Steve Marriott English musician and songwriter

Stephen Peter Marriott was an English musician, songwriter and frontman guitarist of rock bands Small Faces and Humble Pie, spanning over two decades. Marriott was inducted posthumously into the Rock and Roll Hall of Fame in 2012 as a member of Small Faces.

<i>Ooh La La</i> (Faces album) 1973 studio album by Faces

Ooh La La is the fourth and final studio album by the English rock band Faces, released in March 1973. It reached Number One in the UK album chart in the week of 28 April 1973. On 28 August 2015, the album was reissued in remastered form on vinyl, and remastered and expanded on CD as part of the box set 1970–1975: You can Make Me Dance, Sing Or Anything.

<i>Rough Mix</i> 1977 studio album by Pete Townshend and Ronnie Lane

Rough Mix is an album by the Who's guitarist Pete Townshend and former Small Faces and Faces bassist Ronnie Lane. The album was released in September 1977 as Polydor 2442 in the UK and MCA 2295 in the US. It peaked at number 44 on the UK album chart, and at number 45 on the Billboard 200.

<i>Small Faces</i> (1966 album) 1966 studio album by Small Faces

Small Faces is the debut album of the Small Faces, released in May 1966 by Decca Records. It includes the hit singles "Whatcha Gonna Do About It" and "Sha-La-La-La-Lee". The album was well received by music critics and was popular with the public, rising to number 3 on the UK album chart remaining at the top for several weeks.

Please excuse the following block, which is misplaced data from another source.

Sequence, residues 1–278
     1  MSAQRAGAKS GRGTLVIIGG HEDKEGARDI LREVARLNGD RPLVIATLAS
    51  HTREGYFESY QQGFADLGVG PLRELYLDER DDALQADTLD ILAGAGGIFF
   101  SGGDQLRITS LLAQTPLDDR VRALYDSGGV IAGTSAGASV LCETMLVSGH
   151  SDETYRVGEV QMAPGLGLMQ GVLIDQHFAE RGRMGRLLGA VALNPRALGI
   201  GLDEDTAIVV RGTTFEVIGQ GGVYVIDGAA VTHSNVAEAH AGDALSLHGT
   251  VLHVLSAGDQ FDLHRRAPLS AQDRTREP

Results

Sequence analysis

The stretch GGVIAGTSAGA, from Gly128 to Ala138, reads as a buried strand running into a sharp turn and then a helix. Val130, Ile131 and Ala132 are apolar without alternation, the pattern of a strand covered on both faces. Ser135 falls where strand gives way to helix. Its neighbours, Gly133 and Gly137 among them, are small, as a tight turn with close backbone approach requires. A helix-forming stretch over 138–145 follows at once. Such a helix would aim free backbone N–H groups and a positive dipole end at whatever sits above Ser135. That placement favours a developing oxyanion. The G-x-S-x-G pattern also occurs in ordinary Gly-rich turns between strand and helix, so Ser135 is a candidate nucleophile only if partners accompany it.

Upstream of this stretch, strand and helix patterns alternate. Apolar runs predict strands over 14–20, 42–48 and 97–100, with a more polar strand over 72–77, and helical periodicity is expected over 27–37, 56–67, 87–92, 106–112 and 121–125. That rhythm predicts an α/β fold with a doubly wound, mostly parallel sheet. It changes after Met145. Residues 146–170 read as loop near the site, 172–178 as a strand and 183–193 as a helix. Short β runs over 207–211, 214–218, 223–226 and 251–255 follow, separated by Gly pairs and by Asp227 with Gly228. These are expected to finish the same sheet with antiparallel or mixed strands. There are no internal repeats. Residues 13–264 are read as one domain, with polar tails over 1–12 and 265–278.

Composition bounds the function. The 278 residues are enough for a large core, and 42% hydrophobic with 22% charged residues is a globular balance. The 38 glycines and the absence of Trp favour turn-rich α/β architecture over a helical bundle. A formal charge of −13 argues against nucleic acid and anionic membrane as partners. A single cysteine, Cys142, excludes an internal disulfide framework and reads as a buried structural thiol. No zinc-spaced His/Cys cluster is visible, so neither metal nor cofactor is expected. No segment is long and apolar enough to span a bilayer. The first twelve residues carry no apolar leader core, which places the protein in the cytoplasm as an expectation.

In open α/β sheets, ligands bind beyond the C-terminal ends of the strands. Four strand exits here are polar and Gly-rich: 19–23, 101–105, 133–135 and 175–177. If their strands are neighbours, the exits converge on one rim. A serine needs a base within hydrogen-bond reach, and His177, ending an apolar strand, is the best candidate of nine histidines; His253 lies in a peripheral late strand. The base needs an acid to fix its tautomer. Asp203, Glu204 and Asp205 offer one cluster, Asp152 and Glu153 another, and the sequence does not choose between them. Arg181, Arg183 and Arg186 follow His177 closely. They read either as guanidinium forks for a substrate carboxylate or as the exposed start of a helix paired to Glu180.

<i>Mahoneys Last Stand</i> 1976 soundtrack album by Ron Wood and Ronnie Lane

Mahoney's Last Stand is an album by Faces bandmates Ronnie Wood and Ronnie Lane, recorded in 1972. It is the music soundtrack album of the low-budget 1972 Canadian film Mahoney's Last Stand starring Alexis Kanner, Sam Waterston and Maud Adams. The film itself, little seen at the time of its release and even less so since, charts the progress of city-dweller Mahoney (Kanner) who abandons his urban existence to become a homesteader, and the drama that ensues. Pete Townshend, who guests on guitar on some tracks on the album, also receives a credit in the film for providing 'special electronic effects', alongside Wood and Lane's musical score.

The Universal (Small Faces song) single by the Small Faces

"The Universal" is a UK single released by English R&B influenced group Small Faces on 28 June 1968 and reached number 16, staying in the top 40 for a total of 10 weeks.

"I've Got Mine" was the second official song released by the English rock band Small Faces in 1965. The song failed to chart despite receiving favourable reviews in the British music press.

Hey Girl (Small Faces song) single by Small Faces

"Hey Girl" was the fourth song release by popular British R&B group Small Faces. The song reached number ten on the UK Singles Charts in 1966.

<i>The Autumn Stone</i> 1969 compilation album by Small Faces

The Autumn Stone is a posthumous retrospective double album, and the second compilation album released in the UK by Small Faces in 1969 on the Immediate label.

<i>From the Beginning</i> (Small Faces album) compilation album

From the Beginning is the first compilation album by the English rock band Small Faces. It was released by Decca Records of group material after the band had left the record label; it consisted of the band's Decca hit singles combined with various unreleased recordings. The album rose to Number 17 in the UK Album Chart.

Spiritual Boy is the seventh album by former Small Faces and Faces keyboardist Ian McLagan. The album was intended as a tribute to his bandmate in both groups, singer-songwriter Ronnie Lane, released on what would have been Lane's sixtieth birthday, 1 April 2006, on McLagan's own Maniac Records. Featuring ten tracks either written or co-written by Lane throughout the span of his career as a musician and one written by McLagan for Lane, it was recorded in February and March 2006 at McLagan's Manor, Texas studio, The Doghouse, with his backing group, the Bump Band in tow alongside such guests as famed Austin, Texas disc jockey Jody Denberg.